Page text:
Tennessee bill requiring party registration in Republican, Democratic primaries begins moving in House

Staff Photo by Matt Hamilton / Machine tech Steve Gaston, front, and Nate Foster, assistant administrator of elections, take a set of election materials out to a waiting car at the Hamilton County Election Commission for last year's primary on May 2.

NASHVILLE — Tennessee Republican lawmakers are mounting a new effort to limit local primary elections so that only those who declare a political party in advance can participate in that party’s primary — rather than letting voters select the party ballot of their choice on election day.

The measure, House Bill 405, cleared its first panel Wednesday on a voice vote in the Elections and Campaign Finance Subcommittee. Should it eventually pass the full House and Senate, it would take effect in August 2024, when there is a state and federal primary.

“Currently in the state of Tennessee, all voters are registered as unaffiliated voters right now,” freshman Rep. Bryan Richey, R-Alcoa, told subcommittee members. “You’re only picking a particular party whether it’s Republican or Democrat when you actually go in on that primary day to select that ballot.”

Richey likened it to members of a church congregation, who would not allow members of a church of another denomination down the road to pick their next pastor.

“The purpose of a primary is for Republican voters to decide who their Republican candidate’s going to be and for Democrat voters to decide who their candidates are going to be,” Richey added.

He cited several states, including Kentucky and Florida, that have closed primaries.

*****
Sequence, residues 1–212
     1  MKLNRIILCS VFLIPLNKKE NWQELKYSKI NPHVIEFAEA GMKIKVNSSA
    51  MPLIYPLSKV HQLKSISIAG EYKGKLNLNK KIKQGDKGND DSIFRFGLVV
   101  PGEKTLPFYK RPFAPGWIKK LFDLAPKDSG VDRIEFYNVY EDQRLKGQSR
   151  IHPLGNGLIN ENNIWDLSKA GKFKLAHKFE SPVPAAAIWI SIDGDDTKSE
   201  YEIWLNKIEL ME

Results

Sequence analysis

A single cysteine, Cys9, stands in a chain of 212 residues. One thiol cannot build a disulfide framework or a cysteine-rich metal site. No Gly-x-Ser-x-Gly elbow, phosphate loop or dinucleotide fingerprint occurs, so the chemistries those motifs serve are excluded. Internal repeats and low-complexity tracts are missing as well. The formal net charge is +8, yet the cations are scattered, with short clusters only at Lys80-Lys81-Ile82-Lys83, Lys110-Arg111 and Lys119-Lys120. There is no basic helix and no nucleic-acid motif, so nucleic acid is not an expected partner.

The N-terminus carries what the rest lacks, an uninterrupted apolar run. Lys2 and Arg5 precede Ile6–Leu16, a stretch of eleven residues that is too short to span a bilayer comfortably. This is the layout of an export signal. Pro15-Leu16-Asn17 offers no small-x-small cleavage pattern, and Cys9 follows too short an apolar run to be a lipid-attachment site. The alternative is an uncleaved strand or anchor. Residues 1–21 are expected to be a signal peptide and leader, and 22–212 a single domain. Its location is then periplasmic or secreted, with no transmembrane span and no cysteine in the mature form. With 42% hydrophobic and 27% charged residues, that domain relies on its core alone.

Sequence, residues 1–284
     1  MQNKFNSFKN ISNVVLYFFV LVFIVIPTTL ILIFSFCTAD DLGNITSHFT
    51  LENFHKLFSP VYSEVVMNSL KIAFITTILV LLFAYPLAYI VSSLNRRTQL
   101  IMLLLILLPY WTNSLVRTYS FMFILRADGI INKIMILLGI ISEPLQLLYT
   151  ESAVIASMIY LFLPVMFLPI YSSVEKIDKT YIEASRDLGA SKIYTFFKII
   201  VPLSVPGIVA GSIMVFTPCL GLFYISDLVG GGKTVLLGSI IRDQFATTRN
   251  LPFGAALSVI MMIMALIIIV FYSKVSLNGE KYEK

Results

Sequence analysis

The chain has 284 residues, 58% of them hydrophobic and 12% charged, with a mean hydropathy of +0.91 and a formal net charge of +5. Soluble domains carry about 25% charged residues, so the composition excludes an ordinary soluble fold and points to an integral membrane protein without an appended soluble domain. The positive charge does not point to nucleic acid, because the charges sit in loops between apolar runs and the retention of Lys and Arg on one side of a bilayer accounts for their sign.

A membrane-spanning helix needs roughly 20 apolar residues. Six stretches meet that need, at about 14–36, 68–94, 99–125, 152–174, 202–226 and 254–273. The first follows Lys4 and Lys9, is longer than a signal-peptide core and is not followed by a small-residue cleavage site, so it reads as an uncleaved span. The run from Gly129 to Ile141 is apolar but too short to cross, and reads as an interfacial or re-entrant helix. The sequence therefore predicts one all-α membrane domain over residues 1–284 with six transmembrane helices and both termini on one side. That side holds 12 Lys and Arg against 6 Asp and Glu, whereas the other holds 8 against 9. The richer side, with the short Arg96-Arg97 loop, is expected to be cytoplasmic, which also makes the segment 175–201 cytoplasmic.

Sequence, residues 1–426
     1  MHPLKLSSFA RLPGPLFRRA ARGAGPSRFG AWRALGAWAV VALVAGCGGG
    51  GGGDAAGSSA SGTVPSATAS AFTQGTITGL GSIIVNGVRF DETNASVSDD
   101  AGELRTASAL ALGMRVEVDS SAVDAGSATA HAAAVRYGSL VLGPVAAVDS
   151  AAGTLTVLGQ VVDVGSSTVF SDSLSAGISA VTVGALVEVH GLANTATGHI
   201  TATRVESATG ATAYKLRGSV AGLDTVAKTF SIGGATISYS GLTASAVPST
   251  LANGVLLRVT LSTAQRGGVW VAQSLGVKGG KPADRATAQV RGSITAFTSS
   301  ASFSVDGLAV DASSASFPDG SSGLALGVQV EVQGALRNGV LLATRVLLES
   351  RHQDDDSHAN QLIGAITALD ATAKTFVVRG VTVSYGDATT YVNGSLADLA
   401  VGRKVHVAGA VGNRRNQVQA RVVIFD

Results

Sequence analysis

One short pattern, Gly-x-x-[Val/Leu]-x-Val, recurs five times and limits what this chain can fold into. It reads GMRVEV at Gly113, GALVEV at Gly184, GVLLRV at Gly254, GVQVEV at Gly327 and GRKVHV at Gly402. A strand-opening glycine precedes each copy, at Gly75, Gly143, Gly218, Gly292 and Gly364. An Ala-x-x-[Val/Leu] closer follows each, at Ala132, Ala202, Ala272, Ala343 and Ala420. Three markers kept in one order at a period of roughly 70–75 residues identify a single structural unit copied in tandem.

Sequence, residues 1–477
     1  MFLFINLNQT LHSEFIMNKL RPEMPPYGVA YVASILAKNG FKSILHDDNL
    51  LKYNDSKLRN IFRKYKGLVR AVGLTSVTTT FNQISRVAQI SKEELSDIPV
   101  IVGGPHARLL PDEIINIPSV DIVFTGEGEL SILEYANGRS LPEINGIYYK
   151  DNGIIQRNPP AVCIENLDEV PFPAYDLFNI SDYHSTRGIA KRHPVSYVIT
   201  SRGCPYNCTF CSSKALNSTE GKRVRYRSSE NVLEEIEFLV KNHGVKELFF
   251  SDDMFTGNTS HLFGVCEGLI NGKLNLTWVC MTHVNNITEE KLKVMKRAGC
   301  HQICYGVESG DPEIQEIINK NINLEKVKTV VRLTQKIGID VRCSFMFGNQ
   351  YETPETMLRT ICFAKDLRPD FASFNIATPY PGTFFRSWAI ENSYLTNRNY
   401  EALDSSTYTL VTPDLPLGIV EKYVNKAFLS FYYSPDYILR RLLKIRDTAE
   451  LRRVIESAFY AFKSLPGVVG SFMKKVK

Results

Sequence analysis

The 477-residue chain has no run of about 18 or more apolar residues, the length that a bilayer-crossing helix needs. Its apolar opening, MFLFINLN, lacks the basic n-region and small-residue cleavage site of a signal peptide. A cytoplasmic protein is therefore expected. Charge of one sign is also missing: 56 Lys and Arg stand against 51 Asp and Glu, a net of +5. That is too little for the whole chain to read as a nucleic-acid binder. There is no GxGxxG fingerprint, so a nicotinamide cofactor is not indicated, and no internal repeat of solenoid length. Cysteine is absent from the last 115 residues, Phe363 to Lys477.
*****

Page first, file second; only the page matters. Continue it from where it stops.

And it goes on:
“What would end up happening is all voters in the state of Tennessee would end up being registered based off of their previous primary ballot that they pulled,” Ritchey said. “So if you pulled a Republican ballot, you would be registered as a Republican.”

If someone pulled a Democratic ballot, they would be registered as a Democrat.

“If you never voted in a primary in the state of Tennessee, you would be registered as an independent,” Richey added. “You’ll have the option to go onto the state’s election website and change your party affiliation at any point.”

He said the legislation would allow voters to pick their party affiliation until 30 days before an upcoming election.

Those speaking against the bill included Debbie Gould, president of the nonpartisan League of Women Voters Tennessee.

“It would transform Tennessee into a system with closed primaries,” Gould said. “We believe that election laws need to be voter-centric, making it easier for voters to select representatives of their choice. Closed primaries move this process in the wrong direction and have the potential to further reduce Tennessee’s dismal voter participation record.”

Because so many Tennessee elections are held in areas where one party has a distinct advantage among the electorate, many elections in Tennessee are effectively decided during the primary elections, she said, so closing some voters out of those contests would have the effect of disenfranchising them entirely.

“We have seen the trends in recent years,” she said. “Most elections in Tennessee are decided in the primary, not the general.”

She said the changes would leave many voters feeling left out, adversely affecting younger voters and veterans — who are avoiding registering as a Democrat or Republican.

“Because the major decisions will have been made,” Gould said, “it will limit their choices, and when we have fewer choices, fewer people vote.”

Tennessee’s open primaries allow voters in most circumstances to request and cast a Republican or Democrat ballot during early voting or on election day.

Because there is no party affiliation listed on a person’s voter registration, there is no way for ballot workers to ensure bona fide members of a political party vote that party’s ballot.

Both parties have accused the rival party over the years of taking advantage of the situation with strategic crossover voting.

Previous efforts to close that loophole by passing into law a closed primary system have failed, most recently in 2019.

The issue figured prominently last year in the Hamilton County Republican primary for mayor. Second-place finisher Sabrena Smedley challenged winner Weston Wamp’s victory, claiming Democrats crossed over and voted for Wamp.

The state’s GOP executive committee voted 35-10 to reject Smedley’s challenge of the results. Wamp went on to defeat Democrat Matt Adams.

Contact Andy Sher at asher@timesfreepress.com.